Jim Still, of The Secular Outpost, has done a piece on Foleygate. Among other things he says:
“Like many other infidels who have watched the religious right hypocrisy over the years, I waited to hear what James Dobson would say.”
When he talks about “religious right hypocrisy” over the years, what does he have reference to? What is his sample base?
There are tens of millions of members of the religious right. In his view, what percentage of the religious right is hypocritical? Tell us his criteria. Show us his statistical data.
In addition, it’s not as if the religious right held an election to make James Dobson the official spokesman for the religious right.
“After all, he is the point man for family values among evangelicals.”
Really, he is “the” point man for family values among evangelicals?
Still seems to labor under the misimpression that the religious right has an evangelical papacy in which men like Dobson make ex cathedra pronouncements for the religious right.
Now, there’s no doubt that Dobson has a following. That he’s an influential leader.
But the idea that whenever Dobson opens his mouth, he is speaking on behalf of the religious right is just plain silly.
It’s not as if he ran a draft version of his press release by the religious right for our preapproval.
“(As an aside let's be absolutely clear about one point: 'family values' is a code word for a creepy sort of male white superiority -- a hearkening back to a so-called golden age when white suburban nuclear families ruled the world, minorities knew to keep their place, and non-traditional gays, atheists, artists, musicians, poets, philosophers and liberals tred lightly at the margins of society.)”
Since Still chooses to frame the issue in terms of hypocrisy, this is a sterling example of liberal hypocrisy. In the name of liberal inclusivism, he ends up making a very racist, sexist, and prejudicial comparison of his own.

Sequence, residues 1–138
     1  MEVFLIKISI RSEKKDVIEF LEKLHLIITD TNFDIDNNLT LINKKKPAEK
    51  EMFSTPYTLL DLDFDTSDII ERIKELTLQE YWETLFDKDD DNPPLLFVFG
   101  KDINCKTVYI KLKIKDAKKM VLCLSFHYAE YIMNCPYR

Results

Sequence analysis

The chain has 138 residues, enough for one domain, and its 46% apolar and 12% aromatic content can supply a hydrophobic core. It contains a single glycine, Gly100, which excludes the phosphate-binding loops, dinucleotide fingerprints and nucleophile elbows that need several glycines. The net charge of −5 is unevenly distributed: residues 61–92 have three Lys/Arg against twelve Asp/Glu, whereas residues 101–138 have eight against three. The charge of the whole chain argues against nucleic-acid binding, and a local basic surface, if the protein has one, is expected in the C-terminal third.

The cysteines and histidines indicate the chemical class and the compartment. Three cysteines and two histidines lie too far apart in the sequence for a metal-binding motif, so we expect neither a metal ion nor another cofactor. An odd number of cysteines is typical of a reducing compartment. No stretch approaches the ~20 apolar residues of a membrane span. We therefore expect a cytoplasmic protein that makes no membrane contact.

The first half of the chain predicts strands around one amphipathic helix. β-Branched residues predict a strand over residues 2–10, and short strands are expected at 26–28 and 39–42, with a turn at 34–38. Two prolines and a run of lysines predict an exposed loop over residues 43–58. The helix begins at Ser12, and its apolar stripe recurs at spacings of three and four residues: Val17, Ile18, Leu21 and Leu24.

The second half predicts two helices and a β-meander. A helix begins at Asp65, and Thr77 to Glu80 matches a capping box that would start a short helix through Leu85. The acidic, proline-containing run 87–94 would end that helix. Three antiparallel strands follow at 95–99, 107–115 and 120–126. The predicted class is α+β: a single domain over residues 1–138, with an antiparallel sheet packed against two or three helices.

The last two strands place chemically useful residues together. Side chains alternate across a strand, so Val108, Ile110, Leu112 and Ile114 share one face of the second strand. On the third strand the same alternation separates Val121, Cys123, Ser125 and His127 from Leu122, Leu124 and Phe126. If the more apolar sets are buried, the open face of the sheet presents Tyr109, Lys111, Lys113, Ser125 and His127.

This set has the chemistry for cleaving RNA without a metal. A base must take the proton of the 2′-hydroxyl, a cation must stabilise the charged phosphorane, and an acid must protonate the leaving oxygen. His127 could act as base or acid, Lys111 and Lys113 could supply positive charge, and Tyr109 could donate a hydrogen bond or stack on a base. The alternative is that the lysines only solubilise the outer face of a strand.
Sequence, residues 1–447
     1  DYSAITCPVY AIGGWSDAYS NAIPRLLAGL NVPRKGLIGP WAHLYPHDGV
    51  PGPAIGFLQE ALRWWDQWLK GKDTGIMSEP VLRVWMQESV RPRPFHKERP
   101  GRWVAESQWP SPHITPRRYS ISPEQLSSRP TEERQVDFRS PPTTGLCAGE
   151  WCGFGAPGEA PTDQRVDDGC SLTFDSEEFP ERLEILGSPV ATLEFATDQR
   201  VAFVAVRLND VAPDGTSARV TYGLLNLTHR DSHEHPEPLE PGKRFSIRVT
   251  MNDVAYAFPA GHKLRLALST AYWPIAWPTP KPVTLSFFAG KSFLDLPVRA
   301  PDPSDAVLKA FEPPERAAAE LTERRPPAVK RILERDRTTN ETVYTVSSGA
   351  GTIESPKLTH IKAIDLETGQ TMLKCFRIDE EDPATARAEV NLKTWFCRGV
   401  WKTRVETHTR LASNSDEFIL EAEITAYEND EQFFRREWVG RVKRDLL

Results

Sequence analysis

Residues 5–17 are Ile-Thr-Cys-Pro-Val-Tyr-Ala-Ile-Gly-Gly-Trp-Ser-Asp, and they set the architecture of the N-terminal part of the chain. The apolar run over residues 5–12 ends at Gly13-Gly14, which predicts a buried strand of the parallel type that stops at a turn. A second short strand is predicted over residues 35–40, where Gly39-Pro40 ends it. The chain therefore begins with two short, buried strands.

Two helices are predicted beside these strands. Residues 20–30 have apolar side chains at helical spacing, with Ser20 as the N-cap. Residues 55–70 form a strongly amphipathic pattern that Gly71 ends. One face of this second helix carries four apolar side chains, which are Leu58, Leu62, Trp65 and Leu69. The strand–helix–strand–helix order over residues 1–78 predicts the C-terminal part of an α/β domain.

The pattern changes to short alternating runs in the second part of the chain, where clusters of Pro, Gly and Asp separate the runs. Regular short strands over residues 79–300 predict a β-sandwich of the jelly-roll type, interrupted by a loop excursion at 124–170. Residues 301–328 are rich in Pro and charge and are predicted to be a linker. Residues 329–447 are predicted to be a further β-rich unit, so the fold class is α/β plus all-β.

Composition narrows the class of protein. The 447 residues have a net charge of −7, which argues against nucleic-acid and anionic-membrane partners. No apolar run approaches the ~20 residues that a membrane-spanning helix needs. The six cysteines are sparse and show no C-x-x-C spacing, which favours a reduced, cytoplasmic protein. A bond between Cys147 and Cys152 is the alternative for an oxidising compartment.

The implication is that no female or minority would subscribe to the values of the religious right.
Does he really think that the suburban nuclear family is a white thing?
When a man marries a woman and they have kids, that’s “a creepy sort of male white superiority”?
What about women like Ann Coulter, Laura Schlessinger, Laura Ingraham, Eleanor Stump—to name a few?
Oh, that’s right. They’re conservative women, so they must be brainwashed. They don’t count.
What about Alan Keyes, Larry Elder, Thomas Sowell, Shelby Steele, Stephen Carter, and Tony Evans—to name a few?
Oh, that’s right. They’re black conservatives, so they must be Oreos. They don’t count.
What about religious minorities like David Brooks, Larry Kudlow, Daniel Lapin, Michael Medved, Marvin Olasky, Bob Novak, Dennis Prager, Jay Sekulow, and Ben Stein—to name a few.
Oh, that’s right. They’re Jewish conservatives. Neocons! So they don’t count.
I personally know many Korean Americans whose values are interchangeable with the religious right.
What artists, musicians, poets, and philosophers is he talking about?
Bach? Mozart? Dante? El Greco? George Herbert? T. S. Elliot? Thomas Reid? Alvin Plantinga?